Saturday, May 14, 2022

Commodity Prices in Babylon 385 - 61 BC

 [First posted in AWOL 22 July 2014, updated 14 May 2022]

Commodity Prices in Babylon 385 - 61 BC 
Author: R.J. van der Spek 
Vrije Universiteit Amsterdam

The datafile: spreadsheet (.xls, 1.15 Mb)    |   Bibliography
1. Introduction
The economic historian of the Ancient World is confronted with a lack of numerical data on wages and prices. There is of course evidence (see in general HEICHELHEIM 1930), especially from Ptolemaic and Roman Egypt (DREXHAGE 1991; MARESCH 1996; CADELL & LE RIDER 1997) and Delos (REGER 1994), but not on a regular year to year basis. However, there is one notable exception: late Achaemenid and Hellenistic Babylon. From this city in South Iraq we have the most detailed dataset of the ancient world, which can compete with datasets from modern history.

1.1. The sources
We owe this precious information to the conscientious work of Babylonian astronomers. Probably from the reign of the Babylonian king Nabonassar (747-743 BC), and at the instigation of this king, Babylonian astronomers started to make a daily record of the starry sky. These astronomers were professional scholars. From a tablet in Yale (YBC 11549) dating to the early Hellenistic period we know that at least 14 of them were fully employed by the temple. They each received 180 litres of barley per month (BEAULIEU, forthcoming). From a couple of very late texts (127-119 BC) we know that the job was hereditary on condition that the scholars were capable to do the job. They received an annual salary from the temple (60 - 120 shekels of silver = ca. 120 - 240 drachms = 500 to 1,000 grams of silver) plus the revenue of some tract of arable land (VAN DER SPEK 1985: 548ff). It is interesting to see how the payment in grain shifted to payment in money.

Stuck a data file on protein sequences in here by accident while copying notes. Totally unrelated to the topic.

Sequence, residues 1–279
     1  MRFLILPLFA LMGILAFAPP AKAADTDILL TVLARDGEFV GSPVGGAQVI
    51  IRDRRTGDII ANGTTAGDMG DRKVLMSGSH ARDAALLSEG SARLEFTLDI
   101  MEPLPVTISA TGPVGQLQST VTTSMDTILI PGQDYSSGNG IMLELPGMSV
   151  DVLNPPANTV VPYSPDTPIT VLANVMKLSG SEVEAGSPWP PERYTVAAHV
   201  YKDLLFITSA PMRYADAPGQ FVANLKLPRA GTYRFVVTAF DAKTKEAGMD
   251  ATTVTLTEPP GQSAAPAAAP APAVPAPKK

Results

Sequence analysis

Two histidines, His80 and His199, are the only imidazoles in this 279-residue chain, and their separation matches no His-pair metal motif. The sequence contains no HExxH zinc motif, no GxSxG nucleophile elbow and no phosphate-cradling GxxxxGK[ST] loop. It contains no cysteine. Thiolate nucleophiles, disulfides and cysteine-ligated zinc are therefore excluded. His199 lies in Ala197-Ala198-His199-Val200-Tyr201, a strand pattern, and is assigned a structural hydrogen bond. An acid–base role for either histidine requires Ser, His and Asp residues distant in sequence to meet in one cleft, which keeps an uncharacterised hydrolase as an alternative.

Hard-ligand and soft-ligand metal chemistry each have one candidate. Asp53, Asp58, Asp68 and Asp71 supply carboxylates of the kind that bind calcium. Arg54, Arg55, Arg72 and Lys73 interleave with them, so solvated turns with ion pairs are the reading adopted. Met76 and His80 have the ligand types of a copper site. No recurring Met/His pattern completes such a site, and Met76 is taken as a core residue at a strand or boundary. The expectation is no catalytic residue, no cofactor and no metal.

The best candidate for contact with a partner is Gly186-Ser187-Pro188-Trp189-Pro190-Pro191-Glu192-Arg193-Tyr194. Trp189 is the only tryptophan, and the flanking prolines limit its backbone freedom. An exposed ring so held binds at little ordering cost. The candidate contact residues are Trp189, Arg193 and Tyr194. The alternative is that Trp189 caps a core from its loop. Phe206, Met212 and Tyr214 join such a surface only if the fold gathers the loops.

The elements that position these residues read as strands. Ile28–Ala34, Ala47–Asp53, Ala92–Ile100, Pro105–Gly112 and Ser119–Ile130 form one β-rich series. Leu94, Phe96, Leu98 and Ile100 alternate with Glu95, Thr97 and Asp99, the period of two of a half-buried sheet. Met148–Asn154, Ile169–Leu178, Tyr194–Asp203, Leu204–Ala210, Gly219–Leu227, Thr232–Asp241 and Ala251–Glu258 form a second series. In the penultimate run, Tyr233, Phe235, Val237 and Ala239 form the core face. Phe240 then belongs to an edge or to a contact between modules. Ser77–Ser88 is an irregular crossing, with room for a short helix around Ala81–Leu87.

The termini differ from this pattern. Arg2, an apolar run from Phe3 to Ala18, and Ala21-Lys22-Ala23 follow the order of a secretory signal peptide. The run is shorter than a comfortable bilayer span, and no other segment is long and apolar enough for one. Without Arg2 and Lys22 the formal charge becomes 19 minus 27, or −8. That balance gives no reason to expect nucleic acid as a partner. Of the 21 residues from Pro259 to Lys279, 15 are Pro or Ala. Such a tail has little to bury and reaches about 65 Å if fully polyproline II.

The records, usually called Astronomical Diaries, consisted of daily information on the position of the moon (rise and setting) and the planets in relation to the fixed stars, and from the early fifth century in relation to zodiacal signs. In addition, solstices and equinoxes, Sirius phenomena, meteors, comets and flashes and strokes of lightning were recorded. The diaries give also information on the weather (e.g. "clouds were in the sky; I could not watch") and the level of the Euphrates. At the end of a monthly section some historical events were recorded (mainly on campaigns of the king, visits of the king or high officials to Babylon, cultic events, etc.) and the prices of six commodities were given: barley, dates, "mustard?", "cress?", sesame and wool. Barley and dates constituted the main diet of the Babylonians. For more information on the diaries, see: Astronomical diaries.
The earliest diary we have dates to 651 BC, but we have only a more or less regular record from 385 BC on. Hence, our list starts in this year. Michael Jursa (Vienna) is presently studying the prices of the earlier periods of Babylonia. He is the leader of a project on the economy of first millennium Babylonia. More on this project: Wittgenstein-Preisträger.
Dr. Gerfrid Müller has written a Habilitationsschrift about the development of the economy and the prices in the period just prior to our dataset (MÜLLER, forthcoming; non vidi)...

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